Residents from throughout Southeast Michigan flocked to Catalpa Oaks in Southfield, to take part in this year’s Great Marshmallow Drop. The free family-focused event puts a special twist on the traditional Easter Egg hunt by raining 15,000 marshmallows from the sky. Hosted annually by Oakland County Parks and Recreation, the Marshmallow Drop is known for its festive cheer, fantastic prizes, and up-close views of the marshmallow-coptor.
Wave pools? River rides? The perfect way to beat the heat is right here in Oakland County. Slipping and sliding, playing and floating, Oakland County Parks and Recreation’s Waterparks are a hit with the family every time.
It wasn’t just another day at the park.
Oakland County Waterparks are officially closed for the summer. The closed sign prominent at the front gate, but last weekend families and their dogs were invited in for a little fetch and a lot of fun.
Tennis balls littered the pool as dozens of dogs dove in from all sides, using their best doggy-paddle to reach the closest one.
Oakland County Parks and Recreation‘s Waterford Oaks Waterpark and Red Oaks Waterpark hosted the 11th annual dog swim on September 10th and 11th; and it was clear, all dogs were in heaven dipping and diving into the blue water of the park’s wave pool.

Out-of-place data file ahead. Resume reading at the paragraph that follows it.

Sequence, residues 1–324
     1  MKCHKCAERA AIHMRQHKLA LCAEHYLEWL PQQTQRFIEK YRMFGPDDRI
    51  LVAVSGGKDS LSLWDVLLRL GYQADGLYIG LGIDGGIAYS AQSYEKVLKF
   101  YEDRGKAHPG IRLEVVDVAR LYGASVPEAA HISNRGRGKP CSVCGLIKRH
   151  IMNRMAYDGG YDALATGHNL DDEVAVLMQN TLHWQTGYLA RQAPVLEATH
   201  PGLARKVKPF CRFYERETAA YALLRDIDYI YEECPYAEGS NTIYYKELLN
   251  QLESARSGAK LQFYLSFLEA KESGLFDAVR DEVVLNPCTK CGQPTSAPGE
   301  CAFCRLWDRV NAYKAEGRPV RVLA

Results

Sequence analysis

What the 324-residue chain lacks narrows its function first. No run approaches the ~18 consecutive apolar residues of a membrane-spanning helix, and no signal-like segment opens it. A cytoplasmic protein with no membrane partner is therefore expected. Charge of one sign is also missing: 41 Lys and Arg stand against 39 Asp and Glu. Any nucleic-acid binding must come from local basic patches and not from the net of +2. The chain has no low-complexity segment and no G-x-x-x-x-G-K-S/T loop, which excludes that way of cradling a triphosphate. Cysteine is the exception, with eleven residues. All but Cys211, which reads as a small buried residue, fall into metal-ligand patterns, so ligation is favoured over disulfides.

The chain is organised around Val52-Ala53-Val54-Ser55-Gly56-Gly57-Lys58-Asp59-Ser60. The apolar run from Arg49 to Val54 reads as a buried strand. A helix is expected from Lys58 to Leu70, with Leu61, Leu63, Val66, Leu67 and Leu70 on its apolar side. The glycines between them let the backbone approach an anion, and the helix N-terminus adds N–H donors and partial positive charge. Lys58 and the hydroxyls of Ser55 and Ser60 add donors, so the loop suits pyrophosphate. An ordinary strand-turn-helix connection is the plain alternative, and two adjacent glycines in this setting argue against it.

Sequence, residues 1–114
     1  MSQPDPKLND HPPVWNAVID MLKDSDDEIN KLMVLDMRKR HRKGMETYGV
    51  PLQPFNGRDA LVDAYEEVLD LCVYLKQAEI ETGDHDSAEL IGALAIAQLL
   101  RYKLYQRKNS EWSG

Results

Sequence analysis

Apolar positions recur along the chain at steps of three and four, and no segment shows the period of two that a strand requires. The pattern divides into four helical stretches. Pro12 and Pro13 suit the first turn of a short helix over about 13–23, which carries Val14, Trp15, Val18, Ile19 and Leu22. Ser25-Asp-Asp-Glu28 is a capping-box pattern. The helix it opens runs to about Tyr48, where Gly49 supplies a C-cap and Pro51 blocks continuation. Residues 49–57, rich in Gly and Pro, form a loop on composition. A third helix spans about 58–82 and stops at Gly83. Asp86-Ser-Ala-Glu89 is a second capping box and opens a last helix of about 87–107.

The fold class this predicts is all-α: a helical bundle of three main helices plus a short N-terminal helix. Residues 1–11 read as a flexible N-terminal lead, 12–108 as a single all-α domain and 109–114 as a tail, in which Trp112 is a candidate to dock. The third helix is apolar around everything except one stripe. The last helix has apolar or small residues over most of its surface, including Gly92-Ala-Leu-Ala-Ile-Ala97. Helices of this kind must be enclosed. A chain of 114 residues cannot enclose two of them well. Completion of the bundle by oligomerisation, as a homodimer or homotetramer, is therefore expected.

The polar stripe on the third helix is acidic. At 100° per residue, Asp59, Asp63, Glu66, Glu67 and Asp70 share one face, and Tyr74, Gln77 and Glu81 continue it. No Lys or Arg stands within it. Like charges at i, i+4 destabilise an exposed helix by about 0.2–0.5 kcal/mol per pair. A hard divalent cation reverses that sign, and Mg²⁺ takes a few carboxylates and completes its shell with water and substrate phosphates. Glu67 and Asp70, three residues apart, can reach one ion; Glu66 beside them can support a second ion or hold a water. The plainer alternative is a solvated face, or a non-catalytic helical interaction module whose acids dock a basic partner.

Fetch is the game, dog park is the name! Whether your four-legged friends are putting their doggy-paddling skills to the test, or racing for a sailing tennis ball, Oakland County Dog Parks provide three locations where all dogs can run, jump and play.
Vast open spaces, complete with trails, lakes and fields, give way to an earthly heaven for all dogs (and their owners). It’s the perfect place for you and your pooch to exercise and socialize.
All Oakland County Dog Parks, including Red Oaks Dog Park, located in Madison Heights, Lyon Oaks Dog Park, located in Wixom and Orion Oaks Dog Park, located in Lake Orion are open to the public.
The Wilder Side of Oakland County
In these warming, waning days of winter, signs of spring’s approach are everywhere, but she leaves her most obvious door-knocking notices near our bogs and swamps. Henry David Thoreau wrote “His soft warble melts in the ear, as the snow is melting in the valleys around. The bluebird comes and with his warble drills the ice and sets free the rivers and ponds and frozen grounds.” Those words are true today: the eastern bluebird flits above meadows of crusty snow and perches on branches and old fence posts at the edges of swamps on the wilder side of Oakland County. At this very moment, something seemingly odd and other worldly is happening in our swamps. It’s an event that always seems to occur just as the warble of bluebirds sweetens the day. Continue reading